Government may ‘abandon’ NHS targets on cancer care, emergency waiting times and ambulance response

Government may ‘abandon’ cancer treatment targets, emergency waiting times and ambulance response as it seeks to simplify how performance is measured in the NHS

  • Almost all NHS waiting targets are set to be reviewed by the government
  • Ministers may drop targets on cancer, emergencies and ambulances to cut red tape
  • Health Secretary Steve Barclay has promised big changes to the health service
  • There are concerns about a lack of accountability in the NHS if the targets are

Targets on waiting times in accident and emergency (A&E) departments, cancer treatment and ambulance response times may be scrapped as the government seeks to simplify how performance is measured on the NHS.

Almost all NHS targets are under review as ministers try to tackle long-standing problems in the health service that have left it with a record backlog of people waiting for treatment.

Health Secretary Steve Barclay said there would be fewer targets in the health service and vowed to be “relentless” in stripping the NHS bureaucracy with a cull of bureaucrats on the horizon.

This could take the form of removing all targets except the target for all non-urgent patients to be seen by a specialist at 18 weeks, according to a health minister.

That would mean targets like 85% of cancer patients starting treatment within 62 days – something that hasn’t been achieved since January 2016 – could face being cut.

Ambulance response times and A&E wait time targets will be reviewed by the Government. Photo: Ambulances stand outside the emergency department at the Royal London Hospital

New targets that have been set to be introduced into A&E's in England may be ruled out by ministers, it is being reported.  Photo: People sit in the accident and emergency department at the Royal Free Hospital in London

New targets that have been set to be introduced into A&E’s in England may be ruled out by ministers, it is being reported. Photo: People sit in the accident and emergency department at the Royal Free Hospital in London

This has sparked fears about the culture in the NHS, with Minesh Patel, head of policy at Macmillan Cancer Support, telling the Times ‘there is a real danger that we lose accountability for performance and delays in treatment become even more out of control’ without targets .

And the Health Service Journal reports that ministers have ‘effectively abandoned’ A&E targets in favor of the easy-to-measure target of having 95% of patients admitted, treated or discharged within four hours of arrival.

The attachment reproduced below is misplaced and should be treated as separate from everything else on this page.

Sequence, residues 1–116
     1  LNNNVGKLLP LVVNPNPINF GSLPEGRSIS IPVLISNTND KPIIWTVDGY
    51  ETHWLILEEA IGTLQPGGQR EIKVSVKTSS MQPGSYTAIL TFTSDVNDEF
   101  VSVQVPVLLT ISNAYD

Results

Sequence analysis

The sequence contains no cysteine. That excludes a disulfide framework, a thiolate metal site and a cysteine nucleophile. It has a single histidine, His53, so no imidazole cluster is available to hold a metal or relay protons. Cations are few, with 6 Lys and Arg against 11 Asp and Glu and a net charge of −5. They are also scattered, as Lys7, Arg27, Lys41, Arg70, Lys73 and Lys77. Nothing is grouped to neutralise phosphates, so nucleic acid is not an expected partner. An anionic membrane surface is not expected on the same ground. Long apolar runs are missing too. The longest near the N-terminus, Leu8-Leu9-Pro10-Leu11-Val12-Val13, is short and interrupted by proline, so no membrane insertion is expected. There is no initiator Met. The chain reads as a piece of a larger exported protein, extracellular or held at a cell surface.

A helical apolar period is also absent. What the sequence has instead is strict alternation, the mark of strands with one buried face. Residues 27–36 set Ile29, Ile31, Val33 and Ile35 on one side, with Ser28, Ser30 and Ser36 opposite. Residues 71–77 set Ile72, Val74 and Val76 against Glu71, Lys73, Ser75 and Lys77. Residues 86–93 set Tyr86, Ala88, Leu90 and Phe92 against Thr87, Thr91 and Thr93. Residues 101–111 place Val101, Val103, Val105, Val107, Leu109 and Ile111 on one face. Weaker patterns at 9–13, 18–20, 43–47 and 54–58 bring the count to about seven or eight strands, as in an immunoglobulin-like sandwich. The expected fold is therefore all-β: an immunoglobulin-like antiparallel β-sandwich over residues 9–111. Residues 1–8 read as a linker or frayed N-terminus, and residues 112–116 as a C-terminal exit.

This is in lieu of new targets such as ensuring patients see a medical nurse within 15 minutes of arriving at the ER.

The magazine said the NHS was still in talks with the government about the targets last night, with the organization having previously said its new measures were “more sophisticated and patient-centred”.

The Department for Health and Social Care told the Times last night that the NHS ‘will publish a full recovery plan, including intermediate milestones, in the new year’, adding that it will receive an extra £6.6 billion over the next two years.

Emergency departments are facing ‘record’ demand ahead of winter, which is traditionally the busiest time of year for hospitals.

It comes as NHS England prepares to launch its annual 111 Online campaign today, urging people to use the service to get urgent medical care online.

It can direct people to the most appropriate local treatment option, NHS England said.

People should still call 999 and go to the emergency room when someone is seriously ill or injured and their life is at risk, he added.

It is estimated that up to two-fifths of emergency room visits are avoidable or could be better handled elsewhere, NHS England said.

Professor Sir Stephen Powis, National Medical Director for the NHS, said: ‘Over the past month, our hard-working staff have faced another record month of emergency room visits and the most serious ambulance calls, which is just the tip of the iceberg of the increasing pressures facing the NHS is facing. facing this winter, including the threat of a Covid and flu “twindemia”, and reduced hospital capacity caused by problems in discharging patients for social care.

A woman having a breast exam on a mammography machine (archive image).  Cancer waiting list targets may be scrapped by government as it looks to optimize NHS performance

A woman having a breast exam on a mammography machine (archive image). Cancer waiting list targets may be scrapped by government as it looks to optimize NHS performance

‘This new campaign will remind the public that NHS 111 Online is available to point people to the best option for their pre-winter care needs – it can provide the most appropriate local treatment option for medical issues quickly, without the need to leave home and saving you an unnecessary trip to A&E.

‘It is vital that people continue to use A&E and call 999 in an emergency, so please show up for whatever care you may need.’

NHS 111 Online asks people to enter their postcode, age, gender and main symptom before asking a series of questions about their health condition.

It was the busiest October ever for A&E and for the most serious ambulance calls, NHS England said.

More than 2.17 million patients attended emergency departments in England during that period, he added.

Ambulance services also responded to 83,986 calls.

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Government may ‘abandon’ NHS targets on cancer care, emergency waiting times and ambulance response

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